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The Center of the Universe

Breaking through your preteen's selfishness

Our 11-year-old seems to think the whole world revolves around her. Why is she suddenly so self-centered?

A. This is an almost universal issue with preteens. Kids who were, just months ago, generous and outward-focused turn in on themselves and become seemingly obsessed with their own lives and incapable of noticing the needs of others.

Think of it this way: self-centeredness is a natural fungus on the tree of development. The crazy amount of change going on in the lives of preteens and young teens (ages 10-14) makes it incredibly difficult for them to pay attention to much of anything else. They are developing so much that sometimes it's all a kid can do to keep up with her own body and emotions, much less those of someone else.

Where this turns on its head is in the extreme self-consciousness most preteens exhibit. Their bodies are changing rapidly, causing them to be deeply concerned with how other people will perceive these changes. They are testing the waters of forming opinions and developing a worldview and are terrified of being perceived as stupid or weird.

For example, if you were to walk across the back of a crowded lecture room (say, church), you would try to be quiet so as not to distract anyone. At the same time, you assume the people paying attention and facing the opposite direction will not really notice you.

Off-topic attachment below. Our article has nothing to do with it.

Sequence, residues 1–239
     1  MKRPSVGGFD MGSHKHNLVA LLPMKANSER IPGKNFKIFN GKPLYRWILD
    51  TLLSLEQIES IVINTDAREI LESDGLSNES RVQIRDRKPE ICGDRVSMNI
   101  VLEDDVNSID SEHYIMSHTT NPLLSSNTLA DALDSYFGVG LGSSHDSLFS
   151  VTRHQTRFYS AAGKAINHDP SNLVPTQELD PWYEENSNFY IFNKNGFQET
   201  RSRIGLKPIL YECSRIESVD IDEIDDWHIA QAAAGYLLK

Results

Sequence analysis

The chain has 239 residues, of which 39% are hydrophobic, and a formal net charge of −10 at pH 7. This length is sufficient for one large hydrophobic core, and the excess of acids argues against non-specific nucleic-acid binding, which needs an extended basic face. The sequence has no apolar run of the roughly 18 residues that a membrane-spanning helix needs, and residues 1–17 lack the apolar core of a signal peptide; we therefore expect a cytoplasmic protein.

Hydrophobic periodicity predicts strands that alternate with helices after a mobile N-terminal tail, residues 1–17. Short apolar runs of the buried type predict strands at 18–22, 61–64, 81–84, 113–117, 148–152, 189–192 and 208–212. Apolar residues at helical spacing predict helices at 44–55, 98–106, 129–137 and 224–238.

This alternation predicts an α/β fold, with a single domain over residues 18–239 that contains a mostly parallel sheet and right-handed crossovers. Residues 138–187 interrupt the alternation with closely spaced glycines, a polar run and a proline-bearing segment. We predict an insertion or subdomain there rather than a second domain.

Not so with young teens. In the same situation, they'll assume that everyone in the room is paying attention to them (apparently through the back of their heads!) and evaluating their every move.

This combination of self-centeredness and self-consciousness is natural, but that doesn't mean parents should just ignore it. I've found that the absolute best antidote is experience—experience that forces their attention on other people.

Make an effort to involve your daughter in activities that allow her to serve others in need. Consider a regular gig serving at a soup kitchen, taking a family missions trip, or working with a Habitat for Humanity team to build a house for a poor family. This establishes a pattern of noticing the needs of others. It can create a small opportunity for noticing that the world is more than just them. These experiences work like yeast in expanding their worldview.

Still, it's normal for preteens to have a hard time thinking beyond the here and now; if you ask their favorite movie of all time, they'll say the one they saw last week. Preteens don't have a sense of their own past and often don't have a sense of the future either. They live in the moment, which makes it hard for them to project the consequences of their often-selfish actions.

As an adult, you make decisions on the road of life. You can look in the rear-view mirror and see the long path behind you, including the choices you've made along the way. You can look at the long stretch ahead of you and get a sense of what's to come. But preteens are on a sharp curve in the road—the curve of transition and developmental change. The rearview mirror doesn't show much; and the front view is a blind curve.

To help your daughter move beyond today, ask speculation questions about the future to help her begin to see more of the road (she won't naturally do this on her own). Ask where she'd like her life to go, what she hopes the next three, five, ten years are like. Go ahead and encourage some fantasy—there's no need for an 11-year-old to start making concrete career plans.

And remember, this section of the road with its self-centeredness and "all is now" perspective will pass. This is the road God sends all of us down during the preteen years. You can trust that God can bring good things out of even this trying time.

Mark Oestreicher is the president of Youth Specialties (YouthSpecialties.com), the leading provider of resources and training for Christian youth workers.

Read more articles that highlight writing by Christian women at ChristianityToday.com/Women

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